I am almost certain, though, that none of the Druze in the Golan Heights is feeling deprived and discriminated on a personal basis, for not being a citizen.
Complicated, isn’t it?
More Questions about Residency versus Citizenship.
Sarah: Hi Emanuel,
This is really great! The Green Card comparison was a very helpful analogy. With every answer comes more questions, though. I guess that is a good sign that I’m learning enough to know more about what I don’t know. Might I ask a few follow up questions to make sure I understand what permanent residence means? I think part of my questions here are in response to the anti-Israel argument that Palestinians are “second class citizens” and do not have the same rights as Israeli Jews and cannot vote to Israeli governing institutes.
I still don’t quite understand voting for citizens with permanent residence. Do permanent residents have the same status as citizens in other governmental realms, like health care, social services, etc.?
I know that Israel offered the Druze in the Golan citizenship versus permanent residence. Are others in Israel given the same offer? As in, are there Israeli Arabs (Palestinians?) with permanent residence?
Emanuel: Permanent residents can vote only for elected members of the local municipality that they reside within its jurisdiction. These are the Major (or Head of the Council) and the Council Members. The Major and Council Members must be Citizens (holders of Israeli ID, in contrast to holding a Permanent Resident Card). They cannot vote for the Parliament, the Knesset. A Member of the Knesset must be an Israeli Citizen.
Other than these restrictions, Permanent Residents are absolutely equal in both rights and duties vis-à-vis the State. Education, Health Insurance, Social Security benefits, Standing Rights in front of the Judicial System – you name it. And of course, the duty to pay taxes to the State, Social Security and to the municipality they reside in.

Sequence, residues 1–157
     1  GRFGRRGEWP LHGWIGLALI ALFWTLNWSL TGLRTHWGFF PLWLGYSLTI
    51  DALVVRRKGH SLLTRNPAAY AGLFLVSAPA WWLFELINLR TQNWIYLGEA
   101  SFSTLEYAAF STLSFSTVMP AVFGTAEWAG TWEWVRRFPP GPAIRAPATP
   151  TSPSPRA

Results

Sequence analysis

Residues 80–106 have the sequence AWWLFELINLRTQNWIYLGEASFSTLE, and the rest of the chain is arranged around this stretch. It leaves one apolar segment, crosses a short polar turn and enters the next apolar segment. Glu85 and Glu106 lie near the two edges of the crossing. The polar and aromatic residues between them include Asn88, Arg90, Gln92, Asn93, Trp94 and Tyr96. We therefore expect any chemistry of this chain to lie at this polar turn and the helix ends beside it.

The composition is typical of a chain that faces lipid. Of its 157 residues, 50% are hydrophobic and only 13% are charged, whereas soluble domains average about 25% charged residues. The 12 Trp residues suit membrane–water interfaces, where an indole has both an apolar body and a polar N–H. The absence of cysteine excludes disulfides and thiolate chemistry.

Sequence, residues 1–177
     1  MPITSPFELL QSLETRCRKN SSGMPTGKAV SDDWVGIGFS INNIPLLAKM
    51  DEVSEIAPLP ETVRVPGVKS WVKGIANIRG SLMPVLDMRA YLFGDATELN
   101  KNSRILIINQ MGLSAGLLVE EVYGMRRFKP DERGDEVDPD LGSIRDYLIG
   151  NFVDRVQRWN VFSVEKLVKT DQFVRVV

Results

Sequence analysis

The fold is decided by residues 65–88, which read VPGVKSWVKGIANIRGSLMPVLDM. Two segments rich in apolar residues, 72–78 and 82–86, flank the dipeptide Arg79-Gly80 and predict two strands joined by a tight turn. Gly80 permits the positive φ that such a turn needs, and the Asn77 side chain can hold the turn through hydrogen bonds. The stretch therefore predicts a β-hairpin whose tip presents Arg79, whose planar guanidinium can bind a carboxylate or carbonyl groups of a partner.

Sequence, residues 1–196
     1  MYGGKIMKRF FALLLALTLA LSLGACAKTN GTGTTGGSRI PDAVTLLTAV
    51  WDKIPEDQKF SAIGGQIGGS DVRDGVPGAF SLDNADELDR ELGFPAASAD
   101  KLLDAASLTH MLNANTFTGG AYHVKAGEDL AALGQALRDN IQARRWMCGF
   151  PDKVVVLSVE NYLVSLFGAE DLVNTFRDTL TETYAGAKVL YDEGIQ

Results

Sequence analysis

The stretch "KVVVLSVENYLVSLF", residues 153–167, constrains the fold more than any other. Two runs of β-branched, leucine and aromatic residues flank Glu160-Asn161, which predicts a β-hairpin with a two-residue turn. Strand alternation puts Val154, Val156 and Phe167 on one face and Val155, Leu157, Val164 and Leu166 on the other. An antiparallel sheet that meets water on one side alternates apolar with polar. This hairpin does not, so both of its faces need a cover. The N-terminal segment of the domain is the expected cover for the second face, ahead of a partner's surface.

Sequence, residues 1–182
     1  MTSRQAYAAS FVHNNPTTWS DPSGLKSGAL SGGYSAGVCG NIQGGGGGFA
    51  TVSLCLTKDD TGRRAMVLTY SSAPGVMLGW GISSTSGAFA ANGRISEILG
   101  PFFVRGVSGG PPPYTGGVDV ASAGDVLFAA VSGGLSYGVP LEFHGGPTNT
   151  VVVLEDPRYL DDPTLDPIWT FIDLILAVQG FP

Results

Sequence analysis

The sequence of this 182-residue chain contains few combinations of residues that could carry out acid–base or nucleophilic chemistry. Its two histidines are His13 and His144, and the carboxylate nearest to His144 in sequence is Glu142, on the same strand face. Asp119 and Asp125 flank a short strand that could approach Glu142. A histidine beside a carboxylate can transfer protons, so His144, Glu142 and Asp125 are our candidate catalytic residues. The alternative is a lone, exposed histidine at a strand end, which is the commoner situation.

Receiving Permanent Residence, and Citizenship are according to the Law. Jews (without going into the definition of who is a Jew – a whole different subject) are eligible to receive Israeli Citizenship because of Being a Jew. The law stipulates the conditions that pertain to Non-Jewish Citizenship.
A Permanent Resident can apply and receive Citizenship upon compliance with a few requirements (mostly length of residence, Israel being the center of life, and some more). This is regardless of one’s origin, religion, race or gender. A close friend of mine, a Jew that lives on Israel for many decades elected to be a Permanent Resident and not a Citizen. Most Arab-Israelis who live within the legal jurisdiction of the State of Israel are Citizens. They have full rights and obligations as the Jewish Citizens, no difference whatsoever.
Sarah, you are questioning about “Israeli-Arabs (Palestinians)?”. There is a very clear and distinct difference between an Israeli-Arab and a Palestinian from the legal point of view. An Israeli-Arab is either a resident or a citizen of the State of Israel. One may feel and identify oneself as a member of the Palestinian People, but legally one is not. I’d say that a Palestinian is a person who is a non-Jew and does not reside within the legal jurisdiction of the State of Israel.
Today, this basically pertains only to those who reside in the West Bank and affiliated with the Palestinian Authority. Hence, Palestinians are not Citizens of Israel, nor they are Permanent Residents of Israel. Therefore, it is impossible to define them as “Second Class Citizens of Israel”. And yet, the doors of the Israeli Judicial System, all the way to the Supreme Court, are open for them.
Sarah: You indicate that many Druze serve in the IDF. Are permanent residents excluded from mandatory military service?
Emanuel: No, on the contrary. The Israeli Law requires both Israeli Citizens AND Permanent Residents to report to the IDF Recruiting Unit at a certain age. The IDF will determine if and when to recruit that individual, based on the personal profile and the IDF’s operational needs.